The sentencing is a result of a two-year investigation conducted by special agents from U.S. Immigration and Customs Enforcement’s (ICE) Homeland Security Investigations (HSI) and the Food and Drug Administration’s (FDA) Office of Criminal Investigations, with assistance from the FBI and the U.S. Postal Inspections Service.

“This defendant blithely put the public’s health at risk so he could line his own pockets,” said Derek Benner, special agent in charge for HSI San Diego. “This sentence should serve as reminder about the potential consequences facing those who deal in imposter drugs with no regard for the dangers they pose to patients and consumers. HSI will continue to work with its law enforcement partners here and abroad to prevent the distribution of counterfeit and misbranded pharmaceuticals.”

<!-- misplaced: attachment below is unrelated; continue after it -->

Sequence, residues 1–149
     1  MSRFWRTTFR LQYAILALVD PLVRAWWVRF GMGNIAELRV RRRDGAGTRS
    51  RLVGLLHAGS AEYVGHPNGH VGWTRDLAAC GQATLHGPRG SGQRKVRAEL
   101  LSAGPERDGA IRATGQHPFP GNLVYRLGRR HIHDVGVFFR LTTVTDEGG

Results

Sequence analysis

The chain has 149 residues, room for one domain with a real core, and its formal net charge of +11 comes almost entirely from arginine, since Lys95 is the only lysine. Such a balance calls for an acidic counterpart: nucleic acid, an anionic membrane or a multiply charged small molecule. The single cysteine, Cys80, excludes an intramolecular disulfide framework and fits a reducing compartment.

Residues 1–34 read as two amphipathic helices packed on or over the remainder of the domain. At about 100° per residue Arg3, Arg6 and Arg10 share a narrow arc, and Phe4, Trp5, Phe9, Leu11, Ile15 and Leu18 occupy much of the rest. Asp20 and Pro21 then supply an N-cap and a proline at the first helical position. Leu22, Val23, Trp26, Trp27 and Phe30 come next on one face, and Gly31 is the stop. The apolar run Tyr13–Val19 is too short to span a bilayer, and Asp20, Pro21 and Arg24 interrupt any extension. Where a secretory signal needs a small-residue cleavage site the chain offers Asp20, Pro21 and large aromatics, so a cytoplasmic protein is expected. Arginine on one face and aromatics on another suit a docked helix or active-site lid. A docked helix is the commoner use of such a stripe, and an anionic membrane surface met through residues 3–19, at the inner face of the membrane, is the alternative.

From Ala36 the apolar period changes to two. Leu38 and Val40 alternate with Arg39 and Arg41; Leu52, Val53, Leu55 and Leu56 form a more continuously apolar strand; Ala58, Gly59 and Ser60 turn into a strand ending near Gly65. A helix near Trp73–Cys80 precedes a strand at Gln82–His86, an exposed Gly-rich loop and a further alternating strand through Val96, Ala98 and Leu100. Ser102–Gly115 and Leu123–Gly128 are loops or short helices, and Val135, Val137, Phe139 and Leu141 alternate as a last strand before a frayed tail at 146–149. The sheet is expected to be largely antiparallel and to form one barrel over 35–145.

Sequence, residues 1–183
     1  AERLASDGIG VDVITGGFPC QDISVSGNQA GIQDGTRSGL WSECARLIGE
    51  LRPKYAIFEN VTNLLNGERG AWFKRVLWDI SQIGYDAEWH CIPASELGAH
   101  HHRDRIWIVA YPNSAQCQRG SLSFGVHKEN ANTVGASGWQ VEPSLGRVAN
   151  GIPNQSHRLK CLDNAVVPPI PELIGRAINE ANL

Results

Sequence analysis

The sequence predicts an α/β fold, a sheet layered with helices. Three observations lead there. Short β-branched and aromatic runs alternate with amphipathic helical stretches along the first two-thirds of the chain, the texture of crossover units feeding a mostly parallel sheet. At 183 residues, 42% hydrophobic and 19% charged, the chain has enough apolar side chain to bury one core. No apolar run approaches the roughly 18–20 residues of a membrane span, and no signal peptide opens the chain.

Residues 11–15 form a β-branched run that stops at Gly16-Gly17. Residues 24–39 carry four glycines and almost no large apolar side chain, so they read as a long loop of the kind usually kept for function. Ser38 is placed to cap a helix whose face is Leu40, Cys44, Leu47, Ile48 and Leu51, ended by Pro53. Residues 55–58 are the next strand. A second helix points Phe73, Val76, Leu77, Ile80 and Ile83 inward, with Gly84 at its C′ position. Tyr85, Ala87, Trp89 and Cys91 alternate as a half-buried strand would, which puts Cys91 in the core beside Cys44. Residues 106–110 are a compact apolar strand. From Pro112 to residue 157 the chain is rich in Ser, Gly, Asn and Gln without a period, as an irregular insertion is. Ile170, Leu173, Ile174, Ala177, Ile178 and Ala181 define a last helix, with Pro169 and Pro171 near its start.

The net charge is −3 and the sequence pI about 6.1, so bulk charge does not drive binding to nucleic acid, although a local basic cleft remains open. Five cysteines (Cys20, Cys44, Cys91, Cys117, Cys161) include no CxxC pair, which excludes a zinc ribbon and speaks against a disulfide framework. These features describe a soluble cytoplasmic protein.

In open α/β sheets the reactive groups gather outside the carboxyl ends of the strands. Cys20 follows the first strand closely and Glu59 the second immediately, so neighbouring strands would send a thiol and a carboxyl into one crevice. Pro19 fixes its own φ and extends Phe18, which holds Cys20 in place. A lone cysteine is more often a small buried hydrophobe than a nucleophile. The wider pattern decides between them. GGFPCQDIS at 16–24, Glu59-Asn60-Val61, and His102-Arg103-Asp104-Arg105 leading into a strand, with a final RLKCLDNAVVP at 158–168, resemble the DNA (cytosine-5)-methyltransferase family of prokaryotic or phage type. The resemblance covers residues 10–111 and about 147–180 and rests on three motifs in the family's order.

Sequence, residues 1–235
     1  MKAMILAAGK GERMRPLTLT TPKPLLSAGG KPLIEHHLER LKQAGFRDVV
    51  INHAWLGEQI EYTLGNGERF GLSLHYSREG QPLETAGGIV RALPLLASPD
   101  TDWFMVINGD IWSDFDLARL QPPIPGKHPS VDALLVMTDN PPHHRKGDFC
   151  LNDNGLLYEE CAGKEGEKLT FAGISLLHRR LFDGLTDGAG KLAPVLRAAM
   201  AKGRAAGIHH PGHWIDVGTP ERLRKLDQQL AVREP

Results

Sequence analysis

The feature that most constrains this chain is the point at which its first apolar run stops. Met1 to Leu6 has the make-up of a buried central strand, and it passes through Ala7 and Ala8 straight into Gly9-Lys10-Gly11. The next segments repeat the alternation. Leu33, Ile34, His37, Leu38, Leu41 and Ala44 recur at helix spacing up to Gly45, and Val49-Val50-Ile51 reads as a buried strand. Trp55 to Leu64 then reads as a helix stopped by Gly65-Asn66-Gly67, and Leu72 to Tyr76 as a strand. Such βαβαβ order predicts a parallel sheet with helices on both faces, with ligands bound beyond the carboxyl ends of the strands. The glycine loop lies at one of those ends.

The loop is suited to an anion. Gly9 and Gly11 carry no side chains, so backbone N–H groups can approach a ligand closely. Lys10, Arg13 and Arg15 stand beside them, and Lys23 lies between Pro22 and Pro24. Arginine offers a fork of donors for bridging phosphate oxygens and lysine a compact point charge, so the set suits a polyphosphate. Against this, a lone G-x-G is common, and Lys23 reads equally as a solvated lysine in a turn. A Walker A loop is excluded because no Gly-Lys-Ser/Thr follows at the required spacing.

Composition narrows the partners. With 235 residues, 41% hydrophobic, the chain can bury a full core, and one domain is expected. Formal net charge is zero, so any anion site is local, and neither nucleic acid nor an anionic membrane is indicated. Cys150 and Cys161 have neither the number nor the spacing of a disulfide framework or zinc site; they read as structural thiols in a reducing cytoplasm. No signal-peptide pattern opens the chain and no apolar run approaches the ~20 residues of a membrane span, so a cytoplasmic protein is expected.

As part of this guilty plea, Bean admitted that between Feb. 24, 2005 and Oct. 30, 2011, he operated the Global RX Store from his residence in Florida and sold millions of dollars of prescription oncology drugs to doctors throughout the U.S. Bean ordered the unapproved drugs from foreign sources in Turkey, India and Pakistan and sold the drugs to doctors in the U.S. at substantially discounted prices.

According to the court records, Bean directed the bulk shipments of the unapproved drugs to be sent to Oberlin Medical Supply, a wholesale pharmacy in San Diego. Co-conspirators at Oberlin Medical Supply repackaged the drugs and shipped individual orders to specific doctors in the U.S. Invoices from the wholesale pharmacy in San Diego were included in the orders, which helped create the false and misleading appearance that the drugs were approved for use in the United States. Bean and his co-conspirators also operated a call center in Winnipeg, Canada, using toll free numbers where orders from the doctors in the U.S. were accepted by telephone, fax and email.